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AP WORLD HISTORY CHAPTER 24 “ACCELERATING GLOBAL INTERACTION” (SINCE 1945) The Globalization of Liberation: Comparing Feminist Movements.

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Presentation on theme: "AP WORLD HISTORY CHAPTER 24 “ACCELERATING GLOBAL INTERACTION” (SINCE 1945) The Globalization of Liberation: Comparing Feminist Movements."— Presentation transcript:

1 AP WORLD HISTORY CHAPTER 24 “ACCELERATING GLOBAL INTERACTION” (SINCE 1945) The Globalization of Liberation: Comparing Feminist Movements

2 A Global Culture of Liberation 1960s = emergence of many protest movements suggested the creation of a global culture of liberation In the United StatesIn Europe Civil rights movements of African Americans and Hispanic Americans Protests against unresponsive bureaucracy, consumerism, and middle-class values Counterculture of rock music, sex, drugs, etc. (“hippie” movement) Student-led protests against conditions in universities Protests against the Vietnam WarProtests against police brutality

3 A Global Culture of Liberation Protests hit the communist world too 1968 = the “Prague Spring” in Czechoslovakia = reforms initiated by leader Alexander Dubcek  End to censorship  Increased freedom of expression  Public emergence of unofficial “political clubs”  Rehabilitation of victims of repression  Emergence of secret ballots for party elections Student protestors during the “Prague Spring”

4 Icon of “Third World” Liberation Che Guevara Revolutionary – born in Argentina Anti-imperialism Had a self-sacrificing lifestyle Embraced the Cuban Revolution Attempted to replicate Cuba’s experience of liberation in parts of Africa and Latin America using guerrilla warfare 1967 = killed by the Bolivian military

5 Second Wave of Feminism 1 st wave = in the 19 th century  Emphasis then on: voting and political rights 2 nd wave = began in the 1960s  Emphasis now on: education, employment, reproductive and sexuality rights, etc.

6 Feminism in the West Famous book that became central to the women’s movement in the West = Betty Friedan’s The Feminine Mystique (1963)  Disclosed the identity crisis of educated women who were unfulfilled by marriage and motherhood  Made education and employment the forefront of the feminist movement in the West

7 The “Women’s Liberation” Movement Took broader aim at patriarchy as a system of domination, similar to those of race and class Belief = liberation for women meant becoming aware of their own oppression Preferred direct action vs. political lobbying  Example: releasing stink bombs at the 1968 Miss America pageant Brought into open discussion “taboo” issues involving sexuality  Free love, lesbianism, celibacy, etc.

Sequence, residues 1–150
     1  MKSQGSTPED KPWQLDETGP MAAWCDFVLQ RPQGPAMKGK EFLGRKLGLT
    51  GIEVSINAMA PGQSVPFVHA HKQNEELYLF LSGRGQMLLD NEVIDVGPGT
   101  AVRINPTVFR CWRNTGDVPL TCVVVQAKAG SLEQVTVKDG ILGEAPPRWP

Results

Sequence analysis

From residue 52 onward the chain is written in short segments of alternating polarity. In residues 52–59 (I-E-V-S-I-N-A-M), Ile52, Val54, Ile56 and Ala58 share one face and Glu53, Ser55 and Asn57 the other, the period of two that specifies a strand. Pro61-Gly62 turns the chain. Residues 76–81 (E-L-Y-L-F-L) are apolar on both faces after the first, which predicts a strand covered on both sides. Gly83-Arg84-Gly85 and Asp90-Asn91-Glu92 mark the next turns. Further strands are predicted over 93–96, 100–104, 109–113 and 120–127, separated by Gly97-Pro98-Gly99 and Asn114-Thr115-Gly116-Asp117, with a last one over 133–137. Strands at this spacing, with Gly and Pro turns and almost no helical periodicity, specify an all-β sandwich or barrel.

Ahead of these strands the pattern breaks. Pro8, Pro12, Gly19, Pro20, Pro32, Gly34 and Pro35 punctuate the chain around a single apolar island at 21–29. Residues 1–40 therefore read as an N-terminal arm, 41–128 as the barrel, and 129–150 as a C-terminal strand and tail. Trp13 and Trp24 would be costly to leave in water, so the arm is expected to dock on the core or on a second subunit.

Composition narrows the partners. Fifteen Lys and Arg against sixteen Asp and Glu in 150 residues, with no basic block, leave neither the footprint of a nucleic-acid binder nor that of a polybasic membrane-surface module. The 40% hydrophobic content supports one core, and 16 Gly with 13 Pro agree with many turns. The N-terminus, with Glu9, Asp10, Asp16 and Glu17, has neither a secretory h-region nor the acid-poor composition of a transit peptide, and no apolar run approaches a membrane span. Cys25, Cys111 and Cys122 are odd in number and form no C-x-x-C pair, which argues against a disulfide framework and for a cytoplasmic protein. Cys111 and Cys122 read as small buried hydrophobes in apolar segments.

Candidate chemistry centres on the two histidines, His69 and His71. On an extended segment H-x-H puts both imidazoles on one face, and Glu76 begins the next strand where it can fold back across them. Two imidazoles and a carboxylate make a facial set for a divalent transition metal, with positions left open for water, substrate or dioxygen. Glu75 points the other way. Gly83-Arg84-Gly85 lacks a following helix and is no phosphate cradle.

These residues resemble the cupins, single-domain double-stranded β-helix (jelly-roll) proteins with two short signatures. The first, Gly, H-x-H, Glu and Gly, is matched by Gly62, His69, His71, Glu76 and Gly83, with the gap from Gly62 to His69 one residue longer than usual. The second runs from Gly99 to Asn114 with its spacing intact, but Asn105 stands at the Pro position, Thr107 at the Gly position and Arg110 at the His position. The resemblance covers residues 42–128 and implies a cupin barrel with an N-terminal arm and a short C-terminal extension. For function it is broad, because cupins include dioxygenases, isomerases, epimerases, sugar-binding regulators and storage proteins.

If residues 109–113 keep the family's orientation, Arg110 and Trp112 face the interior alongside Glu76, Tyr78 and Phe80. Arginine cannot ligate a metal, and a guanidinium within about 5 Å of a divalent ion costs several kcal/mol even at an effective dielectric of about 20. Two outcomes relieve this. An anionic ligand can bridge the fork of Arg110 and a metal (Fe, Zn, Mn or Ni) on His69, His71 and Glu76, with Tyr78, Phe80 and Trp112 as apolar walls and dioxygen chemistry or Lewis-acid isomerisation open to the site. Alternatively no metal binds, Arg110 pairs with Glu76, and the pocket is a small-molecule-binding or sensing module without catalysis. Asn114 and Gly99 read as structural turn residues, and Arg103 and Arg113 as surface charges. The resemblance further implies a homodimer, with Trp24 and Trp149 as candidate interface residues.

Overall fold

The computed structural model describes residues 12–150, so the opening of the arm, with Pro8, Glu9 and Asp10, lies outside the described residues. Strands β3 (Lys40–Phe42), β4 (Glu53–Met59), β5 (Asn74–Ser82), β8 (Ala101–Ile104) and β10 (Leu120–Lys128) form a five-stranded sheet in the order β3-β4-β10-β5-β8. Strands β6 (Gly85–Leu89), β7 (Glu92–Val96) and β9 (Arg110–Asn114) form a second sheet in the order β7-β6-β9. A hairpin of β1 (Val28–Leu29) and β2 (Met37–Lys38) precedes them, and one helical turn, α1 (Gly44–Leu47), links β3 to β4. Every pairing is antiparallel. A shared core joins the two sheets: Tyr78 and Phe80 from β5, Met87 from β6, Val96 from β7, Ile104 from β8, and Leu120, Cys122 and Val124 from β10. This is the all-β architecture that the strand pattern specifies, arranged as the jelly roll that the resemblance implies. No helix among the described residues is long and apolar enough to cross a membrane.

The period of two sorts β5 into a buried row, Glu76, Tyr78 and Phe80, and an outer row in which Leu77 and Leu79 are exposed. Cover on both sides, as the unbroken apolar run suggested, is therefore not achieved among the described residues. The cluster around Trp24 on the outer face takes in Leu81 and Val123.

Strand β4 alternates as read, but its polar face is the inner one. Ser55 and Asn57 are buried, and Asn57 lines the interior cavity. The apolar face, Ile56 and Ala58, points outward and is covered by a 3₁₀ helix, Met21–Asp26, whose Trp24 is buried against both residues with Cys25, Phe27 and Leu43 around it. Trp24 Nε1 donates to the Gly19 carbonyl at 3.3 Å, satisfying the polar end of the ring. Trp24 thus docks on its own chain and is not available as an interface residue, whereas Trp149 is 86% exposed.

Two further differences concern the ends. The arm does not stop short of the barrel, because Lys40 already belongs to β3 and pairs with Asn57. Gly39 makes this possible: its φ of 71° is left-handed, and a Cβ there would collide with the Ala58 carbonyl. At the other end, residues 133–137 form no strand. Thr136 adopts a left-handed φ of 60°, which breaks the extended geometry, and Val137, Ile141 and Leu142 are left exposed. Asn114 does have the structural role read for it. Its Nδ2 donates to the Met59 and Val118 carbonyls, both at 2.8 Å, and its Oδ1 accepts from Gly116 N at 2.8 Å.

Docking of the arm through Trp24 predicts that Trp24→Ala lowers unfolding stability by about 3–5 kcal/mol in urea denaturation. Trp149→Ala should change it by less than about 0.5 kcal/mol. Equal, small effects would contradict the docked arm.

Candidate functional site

8 Feminism in the West: Women of Color Women of color believed that the concerns of white, middle-class feminists had nothing to do with their oppression They viewed mainstream feminism as a “family quarrel between white women and white men” White Women in WestWomen of Color in West Focus = on fighting the oppressive “family” structure, education, employment Focus = on fighting racism and poverty Sought liberation from the “chains” of homemaking and domesticity Had always worked outside of the home Viewed the family as a secure base from which to combat racism Wanted to work WITHOUT menWanted to work WITH men of color

9 Feminism in the Global South Different conditions in developing nations = created sharp criticism of Western feminism  Believed Western feminism was too individualistic and too focused on issues of sexuality, motherhood, marriage, and poverty  Resented Western feminists’ interests in cultural matters such as female genital mutilation and polygamy  what would they know about that??  insulting and pretentious

10 Feminism in the Global South Women’s movements in the Global South took shape around a wide range of issues, not all of which were solely based on gender  examples: Country or Region Focus of Women’s Movement KenyaProviding support for one another, community projects, buying land/businesses, etc. MoroccoChanging the Family Law Code to recognize women as equals to their husbands & let them initiate divorce and claim child custody ChileEnding military dictatorship, stopping torture and the “disappearance” of political opponents, economic survival, democracy South KoreaDemocracy, better pay & working conditions, end to sexual harassment in the workplace

11 International Feminism Feminism became a global issue  “women’s rights are human rights.” 1975 = UN declared it International Women’s Year & next 10 years would be the “Decade for Women” By 2006 = 183 countries had ratified a UN Convention to Eliminate Discrimination against Women  committed to:  Promoting women’s legal equality  Ending discrimination  Encouraging women’s development  Protecting women’s human rights

12 International Feminism Several sharp divisions within global feminism began to emerge:  Who should speak on behalf of women?  Official delegates of male-dominate governments vs. more radical and unofficial representatives from nongovernmental organizations  Global North vs. Global South issues  Global North = focus on political and civil rights  Global South = focus on economic justice, decolonization, and disarmament  Different issues among nations in the Global South  Example: Muslim women AGAINST equal inheritance because it violates Islamic law

13 International Feminism Global backlash to international feminism also began to emerge  Believed this movement was too radical  Believed it undermined family life, proper relationships between men and women, etc.  In the Islamic World  people found Western-style feminism highly offensive due to its focus on gender equality and open sexuality  Backlash from certain religions (i.e. Christianity)  especially with reproductive issues like abortion and birth control

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